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Slow Roasted Duck

slow roast duck recipe

Photo by Holly A. Heyser

This is another way to roast a duck or goose in the oven, a method I first read about in Clarissa Dickson Wright’s The Game Cookbook. Normally I roast a wild duck over very high heat – up to 500°F. This crisps the skin quickly while leaving the meat rare-to-medium.

But if the duck is very fat, as pintails, mallards, specklebelly geese — even some wigeon, ringnecks and gadwall — are around Northern California, then the skin has trouble crisping up because the fat keeps it moist.

Here’s what to do: Clarissa, who is one of the Two Fat Ladies of TV fame, suggests you start in a low oven and finish on high. This will cook the meat all the way through — so no pink — the fat will keep the meat nice and moist. Remember to only do this with fat birds!

Slow Roasted Duck

This recipe works with any sort of waterfowl. Keep in mind that a mallard, gadwall or pintail will serve two, a goose four and a shoveller, wigeon or teal one.

Serves 4.

Prep Time: 15 minutes

Cook Time: 55 minutes

  • 2 very fat wild ducks (see above for species variations)
  • 1 tablespoon kosher salt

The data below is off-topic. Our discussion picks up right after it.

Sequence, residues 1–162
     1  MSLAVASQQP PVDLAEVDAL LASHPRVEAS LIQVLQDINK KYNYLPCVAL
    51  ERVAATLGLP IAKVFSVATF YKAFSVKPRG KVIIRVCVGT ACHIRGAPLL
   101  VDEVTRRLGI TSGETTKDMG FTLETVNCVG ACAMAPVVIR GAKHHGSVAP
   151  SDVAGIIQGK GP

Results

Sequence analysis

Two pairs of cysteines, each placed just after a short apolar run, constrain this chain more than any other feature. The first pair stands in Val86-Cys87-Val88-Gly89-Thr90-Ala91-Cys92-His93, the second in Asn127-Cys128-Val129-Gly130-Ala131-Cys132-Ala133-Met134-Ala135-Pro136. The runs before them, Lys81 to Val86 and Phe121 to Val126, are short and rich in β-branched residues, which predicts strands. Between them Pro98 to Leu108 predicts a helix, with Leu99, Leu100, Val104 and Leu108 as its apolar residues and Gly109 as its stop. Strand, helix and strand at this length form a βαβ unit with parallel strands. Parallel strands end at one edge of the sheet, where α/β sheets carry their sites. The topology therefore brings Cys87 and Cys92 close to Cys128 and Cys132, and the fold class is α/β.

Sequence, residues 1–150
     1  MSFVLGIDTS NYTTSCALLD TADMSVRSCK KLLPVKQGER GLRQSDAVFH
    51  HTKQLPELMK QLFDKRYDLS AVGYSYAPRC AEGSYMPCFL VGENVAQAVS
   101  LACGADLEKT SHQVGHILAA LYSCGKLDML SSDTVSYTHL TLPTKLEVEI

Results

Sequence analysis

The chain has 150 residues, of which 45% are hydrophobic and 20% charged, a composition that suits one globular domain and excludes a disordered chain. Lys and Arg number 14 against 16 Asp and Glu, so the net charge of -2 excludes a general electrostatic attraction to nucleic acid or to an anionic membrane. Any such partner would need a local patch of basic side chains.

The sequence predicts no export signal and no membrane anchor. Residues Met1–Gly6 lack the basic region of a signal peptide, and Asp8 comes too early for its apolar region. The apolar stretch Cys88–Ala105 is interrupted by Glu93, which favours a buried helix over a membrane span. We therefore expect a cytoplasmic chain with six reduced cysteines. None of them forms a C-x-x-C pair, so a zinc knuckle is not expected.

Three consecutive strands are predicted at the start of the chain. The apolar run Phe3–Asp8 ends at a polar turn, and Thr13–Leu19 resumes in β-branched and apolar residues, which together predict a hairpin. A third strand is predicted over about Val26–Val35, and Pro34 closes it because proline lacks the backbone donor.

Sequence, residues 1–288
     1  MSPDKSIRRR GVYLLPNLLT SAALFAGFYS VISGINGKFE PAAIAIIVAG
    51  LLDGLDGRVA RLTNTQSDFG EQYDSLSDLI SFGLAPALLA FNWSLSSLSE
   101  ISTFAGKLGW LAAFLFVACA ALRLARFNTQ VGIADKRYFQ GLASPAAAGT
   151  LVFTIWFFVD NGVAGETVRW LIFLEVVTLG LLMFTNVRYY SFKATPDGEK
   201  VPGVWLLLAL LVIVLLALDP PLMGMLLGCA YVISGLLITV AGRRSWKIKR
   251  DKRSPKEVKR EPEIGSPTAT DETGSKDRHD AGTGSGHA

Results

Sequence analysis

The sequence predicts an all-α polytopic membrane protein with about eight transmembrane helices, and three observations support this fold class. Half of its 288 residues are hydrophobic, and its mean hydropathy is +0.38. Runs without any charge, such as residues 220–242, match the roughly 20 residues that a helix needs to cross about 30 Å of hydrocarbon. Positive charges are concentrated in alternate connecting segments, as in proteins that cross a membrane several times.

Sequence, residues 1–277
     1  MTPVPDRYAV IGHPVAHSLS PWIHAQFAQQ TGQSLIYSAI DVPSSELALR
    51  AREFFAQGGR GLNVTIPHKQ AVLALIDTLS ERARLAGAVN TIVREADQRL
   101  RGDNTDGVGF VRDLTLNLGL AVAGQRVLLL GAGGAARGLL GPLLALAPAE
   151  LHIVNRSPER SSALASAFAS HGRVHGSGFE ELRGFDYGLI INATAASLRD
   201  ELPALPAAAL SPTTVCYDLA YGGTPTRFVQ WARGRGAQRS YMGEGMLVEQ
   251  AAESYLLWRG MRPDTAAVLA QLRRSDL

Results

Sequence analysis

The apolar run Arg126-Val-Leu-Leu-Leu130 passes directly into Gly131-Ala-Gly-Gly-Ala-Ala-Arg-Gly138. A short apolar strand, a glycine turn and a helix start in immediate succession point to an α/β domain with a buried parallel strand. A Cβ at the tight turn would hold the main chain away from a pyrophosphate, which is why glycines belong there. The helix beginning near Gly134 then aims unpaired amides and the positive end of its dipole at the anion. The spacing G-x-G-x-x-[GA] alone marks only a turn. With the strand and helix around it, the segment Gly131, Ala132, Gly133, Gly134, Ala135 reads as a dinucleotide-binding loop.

• 1 lemon, cut in half
  • 4 sprigs sage, rosemary, parsley and/or thyme

  1. Preheat oven to 325°F. Using a needle or a very sharp knife point, prick the skin of the duck all over — but be sure to not pierce the meat itself, only the skin. This helps the fat render out and will help crisp the skin.
  2. Rub the lemon all over the duck and stick it inside the cavity. Liberally salt the bird; use a little more salt than you think you need. Stuff the cavity with the herbs. Put the duck on an iron frying pan or other ovenproof pan and set in the oven.
  3. Cook regular ducks like mallards and pintails for 45 minutes. Small ducks (shovellers, wigeon, teal, ruddies, etc.) only need 30 minutes. If you are roasting a goose, increase the roasting time to 55 minutes. After the alloted time, take the pan out of the oven and set the ducks on a cutting board to rest. Spoon out any excess fat.
  4. Now turn the heat up to 450°F. When the oven hits this temperature, roast it for 10 more minutes, or until the skin is crisp. The reason you take the bird out of the oven is because a) the resting time helps redistribute the juices in the bird midstream, and b) you are crisping skin without totally overcooking the duck by only returning it to the oven when it is hot.
  5. Remove from oven and let the birds rest. You’ll only need 5 minutes resting time for small birds, 10 minutes for large ducks, and 15 for geese.

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13 responses to “Slow Roasted Duck”

  1. Kindred spirit

    Hi Hank.
    It would be educational (to me anyway) if you could post pictures of a dressed duck that has enough fat to make it suitable for this technique. We’ve shot some ducks this year that had nice fat, but I doubt they are fat enough.

  2. Laneey